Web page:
But two patent violations remain, and that’s enough for the ITC to issue a final decision essentially barring Reaxx (the saw, parts, and cartridges) from the U.S. under s cease and desist order.”

        “The ruling does not affect the ability for Bosch to manufacture and sell the activation cartridges in the US. This is another major point of emphasis as Bosch owners may still be able to maintain the safety status of their saws even after their current cartridges are spent.

        While the ruling does state that Bosch cannot Bosch can’t sell parts for the Reaxx, note that it’s specific to two patents – namely ones that involve the detection system. That means all the other parts that make the saw work can still be produced and sold. It’s not as if the failure of a single gear means your saw is now shot.”

        Also, this is the April Fools post we get here? A hot dog based test probe?

        1. I was more talking about lobbying various levels of government to make their tech compulsory for all saws in the market. But yah, if they have gone aggressive on thinking they have patented the problem, rather than one possible solution, then yah, more fail to them for that too.

          1. SawStop of course wants to make it compulsory and honestly, some kind of active safety SHOULD be active by default on table saws. But making it so you can corner the market by patenting a solution and then also make it mandatory to apply said safety / patent protections when you are the only one on the market able to provide said safety solution seems a bit problematic.

            Now, unlike Volvo who gave their seatbelt technology away in the name of safety but also kept selling cars, I don’t see how that would work for SawStop exactly, since they don’t really make great saws specifically, their main claim to fame is making their safety technology. How do you mandate the use of safety technology but also mandate patent use? Mandate industry wide compulsory patent licensing? It gets messy awfully quickly.

            But the public is the one who loses out in the end, sadly enough. Hopefully the upside is that innovators come up with novel methods of creating better solutions to the problems of how to safety and accurately detect when you are trying to cut things that you don’t want to be cutting. But because there are only a few methods of easily and safely doing so, it invariably gets mired down in litigation, such as what we see here.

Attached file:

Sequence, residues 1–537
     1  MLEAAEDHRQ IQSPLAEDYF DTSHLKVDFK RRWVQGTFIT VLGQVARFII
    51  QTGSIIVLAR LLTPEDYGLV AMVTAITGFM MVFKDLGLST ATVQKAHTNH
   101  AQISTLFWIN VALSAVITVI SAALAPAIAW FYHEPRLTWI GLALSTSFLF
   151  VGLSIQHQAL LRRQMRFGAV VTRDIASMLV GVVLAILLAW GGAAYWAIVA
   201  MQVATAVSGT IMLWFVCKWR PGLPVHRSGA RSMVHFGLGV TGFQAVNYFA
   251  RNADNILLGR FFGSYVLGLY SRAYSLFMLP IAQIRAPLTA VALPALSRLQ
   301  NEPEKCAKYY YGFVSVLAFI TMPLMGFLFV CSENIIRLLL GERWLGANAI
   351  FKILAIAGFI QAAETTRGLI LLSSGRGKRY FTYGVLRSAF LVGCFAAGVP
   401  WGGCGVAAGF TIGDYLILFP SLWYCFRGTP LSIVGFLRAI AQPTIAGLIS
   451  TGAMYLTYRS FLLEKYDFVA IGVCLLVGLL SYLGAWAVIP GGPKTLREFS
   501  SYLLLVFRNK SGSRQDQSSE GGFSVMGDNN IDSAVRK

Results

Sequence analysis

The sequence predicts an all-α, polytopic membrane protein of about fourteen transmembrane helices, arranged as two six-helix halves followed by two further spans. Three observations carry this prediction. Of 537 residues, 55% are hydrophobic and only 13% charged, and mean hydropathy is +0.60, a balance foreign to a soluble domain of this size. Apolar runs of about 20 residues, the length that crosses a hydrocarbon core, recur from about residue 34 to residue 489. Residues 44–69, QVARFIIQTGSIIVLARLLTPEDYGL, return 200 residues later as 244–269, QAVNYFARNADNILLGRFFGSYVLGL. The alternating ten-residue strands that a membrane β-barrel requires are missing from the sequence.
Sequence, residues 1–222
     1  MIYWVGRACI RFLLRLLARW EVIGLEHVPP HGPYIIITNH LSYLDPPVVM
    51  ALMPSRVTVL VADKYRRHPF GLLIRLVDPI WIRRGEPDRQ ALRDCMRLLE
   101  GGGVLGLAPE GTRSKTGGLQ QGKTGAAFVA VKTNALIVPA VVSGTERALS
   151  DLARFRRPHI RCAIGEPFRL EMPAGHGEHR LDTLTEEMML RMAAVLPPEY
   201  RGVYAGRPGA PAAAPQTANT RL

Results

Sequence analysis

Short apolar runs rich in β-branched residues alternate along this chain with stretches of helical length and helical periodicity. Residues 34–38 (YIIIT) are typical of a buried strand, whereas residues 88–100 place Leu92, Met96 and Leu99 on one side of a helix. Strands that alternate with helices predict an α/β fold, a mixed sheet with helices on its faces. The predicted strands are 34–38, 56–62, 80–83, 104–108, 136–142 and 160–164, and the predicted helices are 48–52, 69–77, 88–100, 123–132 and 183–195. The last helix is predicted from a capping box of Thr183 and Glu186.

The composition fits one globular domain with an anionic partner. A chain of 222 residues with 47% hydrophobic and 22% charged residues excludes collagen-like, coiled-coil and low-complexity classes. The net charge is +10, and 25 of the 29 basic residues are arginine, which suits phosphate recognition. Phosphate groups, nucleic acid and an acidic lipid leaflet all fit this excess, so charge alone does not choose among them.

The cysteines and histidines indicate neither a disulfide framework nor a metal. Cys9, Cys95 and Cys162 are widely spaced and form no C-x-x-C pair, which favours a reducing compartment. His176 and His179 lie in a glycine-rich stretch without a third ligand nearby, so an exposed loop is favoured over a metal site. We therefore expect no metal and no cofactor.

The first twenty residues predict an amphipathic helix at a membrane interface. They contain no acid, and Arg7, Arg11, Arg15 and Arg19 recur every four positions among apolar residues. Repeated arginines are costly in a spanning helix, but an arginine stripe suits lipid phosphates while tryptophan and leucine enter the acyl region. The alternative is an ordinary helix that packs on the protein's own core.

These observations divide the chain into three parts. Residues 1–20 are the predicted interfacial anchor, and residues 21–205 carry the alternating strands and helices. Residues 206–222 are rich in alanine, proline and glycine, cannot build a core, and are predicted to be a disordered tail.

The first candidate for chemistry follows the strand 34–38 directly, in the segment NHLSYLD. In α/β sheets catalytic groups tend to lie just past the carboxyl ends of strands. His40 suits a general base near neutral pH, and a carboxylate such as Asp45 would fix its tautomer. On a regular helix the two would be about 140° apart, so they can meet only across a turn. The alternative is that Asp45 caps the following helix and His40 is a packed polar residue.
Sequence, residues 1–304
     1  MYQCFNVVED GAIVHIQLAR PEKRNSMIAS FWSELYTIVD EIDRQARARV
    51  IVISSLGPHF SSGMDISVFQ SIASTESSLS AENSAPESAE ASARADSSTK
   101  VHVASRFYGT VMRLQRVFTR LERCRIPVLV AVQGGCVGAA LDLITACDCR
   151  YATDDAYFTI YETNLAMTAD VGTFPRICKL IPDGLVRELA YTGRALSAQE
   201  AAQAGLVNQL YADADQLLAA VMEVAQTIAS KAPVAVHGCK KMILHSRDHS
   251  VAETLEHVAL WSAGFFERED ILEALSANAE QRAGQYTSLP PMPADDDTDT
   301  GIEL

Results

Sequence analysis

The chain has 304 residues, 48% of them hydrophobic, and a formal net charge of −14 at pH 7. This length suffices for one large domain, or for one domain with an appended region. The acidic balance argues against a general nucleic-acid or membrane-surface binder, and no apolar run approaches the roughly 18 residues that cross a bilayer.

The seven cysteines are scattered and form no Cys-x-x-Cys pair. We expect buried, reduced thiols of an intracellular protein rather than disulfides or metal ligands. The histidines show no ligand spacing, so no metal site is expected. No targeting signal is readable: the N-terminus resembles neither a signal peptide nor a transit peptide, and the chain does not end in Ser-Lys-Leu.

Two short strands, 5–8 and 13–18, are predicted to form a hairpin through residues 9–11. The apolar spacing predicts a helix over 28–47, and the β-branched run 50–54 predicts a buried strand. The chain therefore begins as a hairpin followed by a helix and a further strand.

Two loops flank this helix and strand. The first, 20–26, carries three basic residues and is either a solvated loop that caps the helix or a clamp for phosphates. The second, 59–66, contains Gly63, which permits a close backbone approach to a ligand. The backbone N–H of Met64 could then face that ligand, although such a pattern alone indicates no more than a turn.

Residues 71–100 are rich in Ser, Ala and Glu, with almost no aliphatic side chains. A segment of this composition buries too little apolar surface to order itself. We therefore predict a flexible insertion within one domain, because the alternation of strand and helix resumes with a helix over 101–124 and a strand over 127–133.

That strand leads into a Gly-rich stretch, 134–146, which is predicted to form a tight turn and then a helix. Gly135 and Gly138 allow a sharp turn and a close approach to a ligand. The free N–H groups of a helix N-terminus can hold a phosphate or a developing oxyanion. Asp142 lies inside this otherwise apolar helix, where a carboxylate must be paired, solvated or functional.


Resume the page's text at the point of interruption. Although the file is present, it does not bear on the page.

Is there a better way of going about doing this so that more parties wind up winning and the net positive benefit to everyone involved is improved?

  1. This is what I’ve been looking for for years. Though I’m confused. The image where the D4/WG5 is placed on the specsheet clearly shows a D4/WG5 with the connector on the downside of the probe whereas the specsheet/manual itself shows a D4/WG5 with the connector on the topside. Does this means that there are 2 different versions.

    I’m easily confused by these things. For example, last week I needed some nails to hammer down some floorboards. I’m pretty sure I purchased the correct model but when I wanted to use them I noticed that the nails I bought had the pointy side on the wrong end, luckily I could still use them for the ceiling.

  2. Not a hack! Advertisement!
    Why isn’t the natural solution to this problem mentioned? Approximately 50% of the world population already have a built in flesh probe that is easily extended and used hands free, for the rest of humanity a shaved cat or dog tail (optionally cut off from the donator) is a fine alternative. That just leaves calibration and a proper connection – something a hacker should be able to handle!